Automatic Traffic Signalling in Coventry.
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SINCE our first announcement of the proposed scheme for regulating Coventry's traffic by automatic signals which appeared in last Tuesday's issue of The Conon4rcial Motor. a representa-. tire of this journal has had an opportunity for discussing at length with Capt. S. A. Hector (the Chief Constable of Coventry) the whole details of the enterprise,
In the first place, it is interesting to note that the site chosen for the installation of the signalling apparatus is • situated on the main London-Birminghem route, at a point where it is crossed by quite a considerable amount of traffic. The volume and direction of the traffic, of course, varies eansiderably: For instance, in the middle of the day and at the commencement and close of business hours there is considerable local traffic, whereas the main road vehicles pass in a more or less conetant stream. The point about all this is, of course, that a scheme which will work satisfactorily under varying conditions ought to operate suecessfully at places where the stream of vehicles is more constant. Coventry is, therefore, tackling the problem from the more difficult cud rind not the more simple portion.
Automatic traffic control has been in B24 use in America for a long time, just as in Germany, whilst the chief constable of Leeds has had the scheme in operation at several important peinte within that city's boundary. Experience, therefore, is by no means lacking with such a contrivance, which has shown that motorists may be left to themselves to obey a machine instead of a point-duty constable.
It is proposed to erect four lighting signals, one on the near side of each of the four branches of the crossing, together with a notice of an arresting nature Some little distance in front of the actual signal. All four signals, of course, work simultaneously, the allclear sign "Go," showing to one pair of branches (actually to one road), while the " Stsm " sign is shown on the other pair of signal standards. Before a change-over is made, however, all four signals point to "Caution," so that any vehicles either on or approaching the crossing are warned that the other stream of traffic will be given the signal to proceed in a few seconds. The periodicity of the signals is variable, so that all sorts of conditions can be met successfully. For example, at those periods when it is known that traffic is comparatively light, the stop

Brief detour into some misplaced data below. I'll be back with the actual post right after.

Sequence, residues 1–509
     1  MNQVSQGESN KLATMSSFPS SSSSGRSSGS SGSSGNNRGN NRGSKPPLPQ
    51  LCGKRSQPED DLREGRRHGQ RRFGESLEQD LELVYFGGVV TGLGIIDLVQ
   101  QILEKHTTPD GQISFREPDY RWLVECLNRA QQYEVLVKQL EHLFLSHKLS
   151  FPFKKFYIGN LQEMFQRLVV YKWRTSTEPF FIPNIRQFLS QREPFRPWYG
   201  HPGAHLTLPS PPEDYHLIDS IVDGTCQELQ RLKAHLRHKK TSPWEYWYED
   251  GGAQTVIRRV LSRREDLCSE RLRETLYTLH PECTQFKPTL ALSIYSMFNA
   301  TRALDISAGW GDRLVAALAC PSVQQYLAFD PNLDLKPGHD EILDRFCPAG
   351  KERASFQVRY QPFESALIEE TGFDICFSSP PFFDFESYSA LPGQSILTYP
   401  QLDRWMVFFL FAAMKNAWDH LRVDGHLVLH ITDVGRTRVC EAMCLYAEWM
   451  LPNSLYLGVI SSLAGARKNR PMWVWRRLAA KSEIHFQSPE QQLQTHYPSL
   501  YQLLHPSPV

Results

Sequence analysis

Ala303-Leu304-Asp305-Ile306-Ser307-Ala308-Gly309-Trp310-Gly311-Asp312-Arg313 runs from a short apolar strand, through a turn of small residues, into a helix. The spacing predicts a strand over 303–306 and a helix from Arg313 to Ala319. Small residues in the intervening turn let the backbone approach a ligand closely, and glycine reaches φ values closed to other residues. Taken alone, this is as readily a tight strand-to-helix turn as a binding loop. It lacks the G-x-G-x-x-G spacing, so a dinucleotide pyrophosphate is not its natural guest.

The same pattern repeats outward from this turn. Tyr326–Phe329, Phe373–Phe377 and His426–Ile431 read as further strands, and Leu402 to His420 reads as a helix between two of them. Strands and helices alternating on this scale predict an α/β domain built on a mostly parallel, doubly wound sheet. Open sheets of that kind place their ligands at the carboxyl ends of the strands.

and go signals will be shown for 40 secs., but at other periods of the day when the traffic is heavier, the periodicity can be lengthened • to suit the conditions prevailing at any particular time. If a constable on patrol duty notices that it would be advisable to hold-up the string of vehicles longer to allow correspondingly longer strings of vehicles to pass along the crossing in either direction he can do so merely by unlocking the control cabinet and setting the timing gear to operate more slowly.
At night when it becomes unnecessary for the system to function in its entirety, the whole set of signals can be set to "Caution," allowing the wayfarer to deal with the crossing as the occasion demands.
We look forward to the time when the scheme is in operation, which—so we learn from Capt. Hector—should not be long delayed. The success or otherwise of the system depends very largely upon the drivers themselves, but whatever may be said of the motorist, whether private individual or paid driver, the majority are known to be quite law-abiding, and only too willing to do whatever is possible to maintain order and to work together.